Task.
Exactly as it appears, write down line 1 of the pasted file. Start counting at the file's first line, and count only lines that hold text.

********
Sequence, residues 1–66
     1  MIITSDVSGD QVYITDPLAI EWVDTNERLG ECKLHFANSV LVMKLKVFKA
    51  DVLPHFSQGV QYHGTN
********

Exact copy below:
Sequence, residues 1–66